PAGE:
“They hate us for our values. They hate us because we love freedom and tolerance.”  

    Near the end of February, media outlets reported that the Somalia-based terror group Al-Shabaab, the same group that attacked a mall in Nairobi, Kenya in 2013, had posted a video online encouraging supporters to attack public shopping spaces, including the West Edmonton Mall.

    This, according to Uppal, is a reason why Canadians should get behind C-51.

    "This hit home for

    Read More »from Latest Tory pitch for support: ‘Jihadi terrorists have declared war on Canada’
  • Getting a medical assessment for your private insurance? There'll soon be a tax for that

    Fears that amendments could reduce accessibility of some mental health care

    The Canadian Psychological Association is raising alarm bells over potential changes to federal tax laws, which CPA representatives say will place additional barriers in front of anyone seeking mental health services in Canada.

    Draft policy changes to Canada’s Excise Tax Act, published at the end of 2014, could subject interactions with private insurers to GST and HST. This, says Dr. Karen Cohen, CEO of the Canadian Psychological Association, is worrisome.

    “One in five Canadians have a mental health problem in a given year. And there are great barriers to access and care, and we don’t want to see those barriers be increased,” she told Yahoo Canada News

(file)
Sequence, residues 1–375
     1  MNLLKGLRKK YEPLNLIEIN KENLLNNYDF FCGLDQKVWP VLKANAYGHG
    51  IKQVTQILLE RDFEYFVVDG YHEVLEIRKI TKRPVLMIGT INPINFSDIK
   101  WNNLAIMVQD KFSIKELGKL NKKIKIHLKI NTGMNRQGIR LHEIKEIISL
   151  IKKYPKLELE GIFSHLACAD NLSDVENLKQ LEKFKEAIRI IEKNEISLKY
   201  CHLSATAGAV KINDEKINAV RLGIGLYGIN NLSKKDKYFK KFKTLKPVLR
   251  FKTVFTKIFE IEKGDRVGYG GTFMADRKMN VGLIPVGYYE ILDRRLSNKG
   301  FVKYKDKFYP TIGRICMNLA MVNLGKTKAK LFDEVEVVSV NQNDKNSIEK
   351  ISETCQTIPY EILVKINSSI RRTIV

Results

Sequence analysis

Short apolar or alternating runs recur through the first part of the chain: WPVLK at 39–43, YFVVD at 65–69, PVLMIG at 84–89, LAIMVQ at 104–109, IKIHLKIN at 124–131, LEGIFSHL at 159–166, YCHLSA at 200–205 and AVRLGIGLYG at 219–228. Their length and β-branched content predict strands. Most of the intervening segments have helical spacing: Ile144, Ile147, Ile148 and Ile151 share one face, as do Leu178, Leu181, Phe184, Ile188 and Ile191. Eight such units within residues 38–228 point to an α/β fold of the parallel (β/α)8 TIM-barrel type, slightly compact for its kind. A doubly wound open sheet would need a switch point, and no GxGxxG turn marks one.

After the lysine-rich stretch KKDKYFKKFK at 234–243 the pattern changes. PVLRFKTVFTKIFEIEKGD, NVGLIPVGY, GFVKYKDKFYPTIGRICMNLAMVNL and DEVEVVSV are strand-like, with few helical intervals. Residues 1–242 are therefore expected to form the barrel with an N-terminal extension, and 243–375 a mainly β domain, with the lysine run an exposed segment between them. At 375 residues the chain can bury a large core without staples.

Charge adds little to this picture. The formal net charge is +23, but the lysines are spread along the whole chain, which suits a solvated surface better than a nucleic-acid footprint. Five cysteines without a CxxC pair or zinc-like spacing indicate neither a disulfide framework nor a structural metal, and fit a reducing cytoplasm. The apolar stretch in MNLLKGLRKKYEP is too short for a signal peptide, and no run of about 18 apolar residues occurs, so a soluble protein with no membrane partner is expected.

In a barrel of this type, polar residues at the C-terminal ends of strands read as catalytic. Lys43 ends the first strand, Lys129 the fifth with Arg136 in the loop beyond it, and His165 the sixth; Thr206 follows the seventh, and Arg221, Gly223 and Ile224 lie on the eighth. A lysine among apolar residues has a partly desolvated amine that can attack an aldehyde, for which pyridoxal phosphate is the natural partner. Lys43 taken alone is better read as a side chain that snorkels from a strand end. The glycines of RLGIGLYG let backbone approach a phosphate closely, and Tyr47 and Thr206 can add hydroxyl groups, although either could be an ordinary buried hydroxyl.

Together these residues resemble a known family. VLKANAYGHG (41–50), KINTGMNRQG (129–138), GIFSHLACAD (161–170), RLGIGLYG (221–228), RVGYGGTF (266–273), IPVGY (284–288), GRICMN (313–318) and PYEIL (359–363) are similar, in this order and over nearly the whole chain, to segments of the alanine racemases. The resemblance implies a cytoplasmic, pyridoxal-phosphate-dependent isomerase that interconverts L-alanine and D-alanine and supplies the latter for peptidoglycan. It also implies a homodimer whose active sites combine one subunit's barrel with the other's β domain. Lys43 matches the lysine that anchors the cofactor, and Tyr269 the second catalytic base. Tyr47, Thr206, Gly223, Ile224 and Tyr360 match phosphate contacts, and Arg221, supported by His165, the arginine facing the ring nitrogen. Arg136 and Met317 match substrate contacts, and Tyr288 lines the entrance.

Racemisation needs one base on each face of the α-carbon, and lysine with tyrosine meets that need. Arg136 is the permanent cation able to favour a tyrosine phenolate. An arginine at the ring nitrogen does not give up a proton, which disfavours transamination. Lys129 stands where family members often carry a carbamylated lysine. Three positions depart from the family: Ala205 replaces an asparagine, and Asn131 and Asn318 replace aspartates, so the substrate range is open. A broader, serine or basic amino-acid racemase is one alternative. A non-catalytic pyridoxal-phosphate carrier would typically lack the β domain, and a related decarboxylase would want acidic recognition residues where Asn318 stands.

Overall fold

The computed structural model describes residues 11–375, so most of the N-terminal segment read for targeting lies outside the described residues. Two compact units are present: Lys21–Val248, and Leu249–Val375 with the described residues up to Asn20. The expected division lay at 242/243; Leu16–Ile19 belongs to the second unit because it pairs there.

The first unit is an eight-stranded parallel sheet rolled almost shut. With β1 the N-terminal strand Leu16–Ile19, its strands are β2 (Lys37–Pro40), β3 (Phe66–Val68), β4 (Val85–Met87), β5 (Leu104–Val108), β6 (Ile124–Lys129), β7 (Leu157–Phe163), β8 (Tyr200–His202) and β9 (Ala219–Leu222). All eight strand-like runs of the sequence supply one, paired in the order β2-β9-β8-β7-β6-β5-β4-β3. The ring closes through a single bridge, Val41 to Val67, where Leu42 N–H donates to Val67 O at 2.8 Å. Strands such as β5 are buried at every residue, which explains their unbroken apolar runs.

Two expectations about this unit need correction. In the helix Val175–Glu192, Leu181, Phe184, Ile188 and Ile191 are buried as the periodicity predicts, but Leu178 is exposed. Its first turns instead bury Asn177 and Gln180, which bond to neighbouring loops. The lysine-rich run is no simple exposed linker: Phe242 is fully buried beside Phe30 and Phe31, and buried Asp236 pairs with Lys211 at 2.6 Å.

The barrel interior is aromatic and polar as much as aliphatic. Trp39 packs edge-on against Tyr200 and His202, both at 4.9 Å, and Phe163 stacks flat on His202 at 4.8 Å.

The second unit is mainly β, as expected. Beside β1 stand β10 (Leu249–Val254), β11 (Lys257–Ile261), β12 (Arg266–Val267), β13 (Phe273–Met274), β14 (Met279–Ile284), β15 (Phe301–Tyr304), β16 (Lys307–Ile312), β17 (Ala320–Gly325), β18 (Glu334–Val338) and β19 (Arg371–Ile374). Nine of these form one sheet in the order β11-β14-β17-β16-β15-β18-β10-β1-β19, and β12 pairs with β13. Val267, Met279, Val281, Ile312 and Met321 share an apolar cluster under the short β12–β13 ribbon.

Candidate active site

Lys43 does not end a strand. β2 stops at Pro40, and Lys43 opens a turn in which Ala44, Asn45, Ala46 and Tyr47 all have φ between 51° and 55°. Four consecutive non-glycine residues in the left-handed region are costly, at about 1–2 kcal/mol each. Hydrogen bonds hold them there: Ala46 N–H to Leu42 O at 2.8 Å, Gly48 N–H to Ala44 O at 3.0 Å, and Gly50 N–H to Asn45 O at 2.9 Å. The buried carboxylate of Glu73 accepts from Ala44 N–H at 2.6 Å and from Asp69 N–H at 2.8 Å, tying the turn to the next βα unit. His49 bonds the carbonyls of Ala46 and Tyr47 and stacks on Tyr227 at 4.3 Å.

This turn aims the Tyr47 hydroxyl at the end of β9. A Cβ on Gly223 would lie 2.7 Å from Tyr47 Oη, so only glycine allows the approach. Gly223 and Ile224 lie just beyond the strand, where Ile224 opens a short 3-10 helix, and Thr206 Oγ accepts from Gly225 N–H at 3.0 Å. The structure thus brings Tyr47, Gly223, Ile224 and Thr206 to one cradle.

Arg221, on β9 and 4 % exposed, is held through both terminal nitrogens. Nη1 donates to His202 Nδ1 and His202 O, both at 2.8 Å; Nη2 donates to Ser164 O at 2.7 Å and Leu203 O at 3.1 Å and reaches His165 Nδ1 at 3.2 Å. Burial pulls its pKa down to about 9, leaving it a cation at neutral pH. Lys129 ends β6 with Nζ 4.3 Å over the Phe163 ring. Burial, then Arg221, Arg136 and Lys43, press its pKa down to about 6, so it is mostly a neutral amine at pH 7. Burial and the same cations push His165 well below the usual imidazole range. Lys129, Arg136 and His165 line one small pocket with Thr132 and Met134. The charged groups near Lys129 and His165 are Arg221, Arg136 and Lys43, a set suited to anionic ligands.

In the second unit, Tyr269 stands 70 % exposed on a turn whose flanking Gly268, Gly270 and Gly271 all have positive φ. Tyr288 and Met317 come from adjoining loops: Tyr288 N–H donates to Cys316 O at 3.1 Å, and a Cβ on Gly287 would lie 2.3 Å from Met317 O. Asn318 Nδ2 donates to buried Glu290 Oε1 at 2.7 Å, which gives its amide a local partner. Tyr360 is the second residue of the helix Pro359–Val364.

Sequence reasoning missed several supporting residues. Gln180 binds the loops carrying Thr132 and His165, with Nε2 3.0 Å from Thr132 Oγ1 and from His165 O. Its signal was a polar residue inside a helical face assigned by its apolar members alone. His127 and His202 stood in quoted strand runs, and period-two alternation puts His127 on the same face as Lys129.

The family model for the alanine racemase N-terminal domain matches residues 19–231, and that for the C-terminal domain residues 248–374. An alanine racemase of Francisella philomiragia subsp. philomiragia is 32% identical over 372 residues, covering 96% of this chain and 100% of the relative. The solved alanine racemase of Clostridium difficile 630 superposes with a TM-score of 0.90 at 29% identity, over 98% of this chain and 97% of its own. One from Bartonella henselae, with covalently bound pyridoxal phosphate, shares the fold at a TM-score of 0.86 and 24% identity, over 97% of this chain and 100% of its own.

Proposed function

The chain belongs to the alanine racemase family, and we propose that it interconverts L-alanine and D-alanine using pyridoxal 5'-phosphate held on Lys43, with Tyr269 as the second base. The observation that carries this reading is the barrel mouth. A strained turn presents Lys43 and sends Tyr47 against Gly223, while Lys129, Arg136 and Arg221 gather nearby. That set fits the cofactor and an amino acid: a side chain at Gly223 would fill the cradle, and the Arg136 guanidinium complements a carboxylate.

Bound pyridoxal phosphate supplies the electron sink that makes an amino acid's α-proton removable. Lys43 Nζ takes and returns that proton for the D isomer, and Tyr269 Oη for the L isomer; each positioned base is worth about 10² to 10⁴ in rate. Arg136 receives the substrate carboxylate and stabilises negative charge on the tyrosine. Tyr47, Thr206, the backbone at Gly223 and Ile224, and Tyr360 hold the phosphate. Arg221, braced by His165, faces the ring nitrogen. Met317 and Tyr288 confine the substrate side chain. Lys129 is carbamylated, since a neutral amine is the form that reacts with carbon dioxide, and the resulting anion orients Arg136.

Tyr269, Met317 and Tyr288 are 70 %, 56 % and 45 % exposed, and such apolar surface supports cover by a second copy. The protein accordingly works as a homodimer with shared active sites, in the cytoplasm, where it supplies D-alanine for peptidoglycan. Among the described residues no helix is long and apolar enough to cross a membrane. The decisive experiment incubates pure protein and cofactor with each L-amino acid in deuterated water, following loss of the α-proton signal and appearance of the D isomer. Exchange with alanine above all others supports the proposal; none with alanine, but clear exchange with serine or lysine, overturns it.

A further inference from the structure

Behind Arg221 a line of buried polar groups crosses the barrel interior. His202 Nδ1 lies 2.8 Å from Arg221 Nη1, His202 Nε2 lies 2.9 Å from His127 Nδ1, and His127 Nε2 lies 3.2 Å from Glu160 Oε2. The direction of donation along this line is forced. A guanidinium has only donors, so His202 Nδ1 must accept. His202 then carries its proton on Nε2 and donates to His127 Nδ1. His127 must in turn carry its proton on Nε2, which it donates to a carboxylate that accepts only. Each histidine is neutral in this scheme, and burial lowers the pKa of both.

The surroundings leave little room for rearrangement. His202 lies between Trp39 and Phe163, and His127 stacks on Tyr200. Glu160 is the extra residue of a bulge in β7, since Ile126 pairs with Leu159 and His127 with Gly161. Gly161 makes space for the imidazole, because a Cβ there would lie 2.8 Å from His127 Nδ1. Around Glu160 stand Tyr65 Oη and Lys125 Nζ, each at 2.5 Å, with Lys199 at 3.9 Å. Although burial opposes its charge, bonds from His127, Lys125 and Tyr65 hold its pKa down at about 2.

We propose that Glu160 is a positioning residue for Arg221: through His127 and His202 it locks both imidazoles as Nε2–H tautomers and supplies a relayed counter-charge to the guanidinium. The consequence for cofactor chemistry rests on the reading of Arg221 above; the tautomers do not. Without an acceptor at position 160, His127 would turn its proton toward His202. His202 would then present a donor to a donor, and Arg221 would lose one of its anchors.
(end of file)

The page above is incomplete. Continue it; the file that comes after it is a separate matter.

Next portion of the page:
Amendments proposed by the Canada Revenue Agency add what’s called a “qualifying health-care supply” to Canada’s Excise Tax Act.

    Health services that fall under this definition are exempt from taxation, but the CRA draft policy notes that some services “performed by health-care professionals may be taxable or exempt depending on their

    Read More »from Getting a medical assessment for your private insurance? There'll soon be a tax for that
  • Lt.-Gen. Jonathan Vance arrives for a technical briefing, Monday January 19, 2015 in Ottawa. (CP)Lt.-Gen. Jonathan Vance arrives for a technical briefing, Monday January 19, 2015 in Ottawa. (CP)

    We probably shouldn’t have been surprised that Canadian soldiers would end up exchanging fire with Islamic State fighters in Iraq.